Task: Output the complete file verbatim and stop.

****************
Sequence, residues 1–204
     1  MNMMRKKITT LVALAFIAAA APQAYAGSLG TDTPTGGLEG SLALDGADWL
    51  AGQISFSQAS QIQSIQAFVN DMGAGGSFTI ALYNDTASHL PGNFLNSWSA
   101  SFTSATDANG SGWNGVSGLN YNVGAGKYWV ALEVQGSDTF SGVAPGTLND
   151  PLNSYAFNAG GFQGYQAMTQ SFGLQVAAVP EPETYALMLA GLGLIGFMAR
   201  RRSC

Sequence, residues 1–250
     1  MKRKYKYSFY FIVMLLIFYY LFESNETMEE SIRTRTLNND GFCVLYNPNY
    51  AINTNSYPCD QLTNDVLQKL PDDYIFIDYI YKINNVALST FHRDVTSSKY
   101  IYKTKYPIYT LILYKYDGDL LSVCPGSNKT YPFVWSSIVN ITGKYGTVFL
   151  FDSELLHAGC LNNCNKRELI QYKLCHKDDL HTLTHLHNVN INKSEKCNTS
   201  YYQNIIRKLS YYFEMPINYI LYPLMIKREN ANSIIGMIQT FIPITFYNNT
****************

Sequence, residues 1–204
     1  MNMMRKKITT LVALAFIAAA APQAYAGSLG TDTPTGGLEG SLALDGADWL
    51  AGQISFSQAS QIQSIQAFVN DMGAGGSFTI ALYNDTASHL PGNFLNSWSA
   101  SFTSATDANG SGWNGVSGLN YNVGAGKYWV ALEVQGSDTF SGVAPGTLND
   151  PLNSYAFNAG GFQGYQAMTQ SFGLQVAAVP EPETYALMLA GLGLIGFMAR
   201  RRSC

Sequence, residues 1–250
     1  MKRKYKYSFY FIVMLLIFYY LFESNETMEE SIRTRTLNND GFCVLYNPNY
    51  AINTNSYPCD QLTNDVLQKL PDDYIFIDYI YKINNVALST FHRDVTSSKY
   101  IYKTKYPIYT LILYKYDGDL LSVCPGSNKT YPFVWSSIVN ITGKYGTVFL
   151  FDSELLHAGC LNNCNKRELI QYKLCHKDDL HTLTHLHNVN INKSEKCNTS
   201  YYQNIIRKLS YYFEMPINYI LYPLMIKREN ANSIIGMIQT FIPITFYNNT